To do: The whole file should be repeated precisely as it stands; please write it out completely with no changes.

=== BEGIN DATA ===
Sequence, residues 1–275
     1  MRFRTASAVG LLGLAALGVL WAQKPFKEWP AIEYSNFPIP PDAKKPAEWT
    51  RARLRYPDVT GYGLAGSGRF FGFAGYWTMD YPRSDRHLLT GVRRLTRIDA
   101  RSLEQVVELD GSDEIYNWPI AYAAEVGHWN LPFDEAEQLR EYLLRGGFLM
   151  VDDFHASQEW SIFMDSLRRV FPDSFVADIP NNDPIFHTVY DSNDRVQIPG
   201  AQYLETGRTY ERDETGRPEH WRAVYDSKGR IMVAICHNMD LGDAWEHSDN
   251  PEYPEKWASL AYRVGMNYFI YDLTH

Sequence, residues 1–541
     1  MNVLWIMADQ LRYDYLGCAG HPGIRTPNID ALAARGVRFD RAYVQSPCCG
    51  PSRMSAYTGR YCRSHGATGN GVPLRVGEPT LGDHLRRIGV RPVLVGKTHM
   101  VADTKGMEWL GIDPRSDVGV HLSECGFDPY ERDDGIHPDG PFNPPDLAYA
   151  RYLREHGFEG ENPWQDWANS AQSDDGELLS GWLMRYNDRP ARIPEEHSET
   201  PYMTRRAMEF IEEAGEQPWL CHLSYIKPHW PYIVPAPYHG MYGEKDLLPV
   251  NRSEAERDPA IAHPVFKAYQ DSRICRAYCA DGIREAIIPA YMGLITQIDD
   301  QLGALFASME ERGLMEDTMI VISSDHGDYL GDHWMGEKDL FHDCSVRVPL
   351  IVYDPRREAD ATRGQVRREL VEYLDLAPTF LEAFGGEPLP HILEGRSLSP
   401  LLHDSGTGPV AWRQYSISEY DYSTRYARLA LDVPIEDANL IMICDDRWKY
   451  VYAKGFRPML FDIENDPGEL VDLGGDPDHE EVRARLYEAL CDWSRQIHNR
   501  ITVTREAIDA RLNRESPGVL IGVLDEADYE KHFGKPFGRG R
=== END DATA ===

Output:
Sequence, residues 1–275
     1  MRFRTASAVG LLGLAALGVL WAQKPFKEWP AIEYSNFPIP PDAKKPAEWT
    51  RARLRYPDVT GYGLAGSGRF FGFAGYWTMD YPRSDRHLLT GVRRLTRIDA
   101  RSLEQVVELD GSDEIYNWPI AYAAEVGHWN LPFDEAEQLR EYLLRGGFLM
   151  VDDFHASQEW SIFMDSLRRV FPDSFVADIP NNDPIFHTVY DSNDRVQIPG
   201  AQYLETGRTY ERDETGRPEH WRAVYDSKGR IMVAICHNMD LGDAWEHSDN
   251  PEYPEKWASL AYRVGMNYFI YDLTH

Sequence, residues 1–541
     1  MNVLWIMADQ LRYDYLGCAG HPGIRTPNID ALAARGVRFD RAYVQSPCCG
    51  PSRMSAYTGR YCRSHGATGN GVPLRVGEPT LGDHLRRIGV RPVLVGKTHM
   101  VADTKGMEWL GIDPRSDVGV HLSECGFDPY ERDDGIHPDG PFNPPDLAYA
   151  RYLREHGFEG ENPWQDWANS AQSDDGELLS GWLMRYNDRP ARIPEEHSET
   201  PYMTRRAMEF IEEAGEQPWL CHLSYIKPHW PYIVPAPYHG MYGEKDLLPV
   251  NRSEAERDPA IAHPVFKAYQ DSRICRAYCA DGIREAIIPA YMGLITQIDD
   301  QLGALFASME ERGLMEDTMI VISSDHGDYL GDHWMGEKDL FHDCSVRVPL
   351  IVYDPRREAD ATRGQVRREL VEYLDLAPTF LEAFGGEPLP HILEGRSLSP
   401  LLHDSGTGPV AWRQYSISEY DYSTRYARLA LDVPIEDANL IMICDDRWKY
   451  VYAKGFRPML FDIENDPGEL VDLGGDPDHE EVRARLYEAL CDWSRQIHNR
   501  ITVTREAIDA RLNRESPGVL IGVLDEADYE KHFGKPFGRG R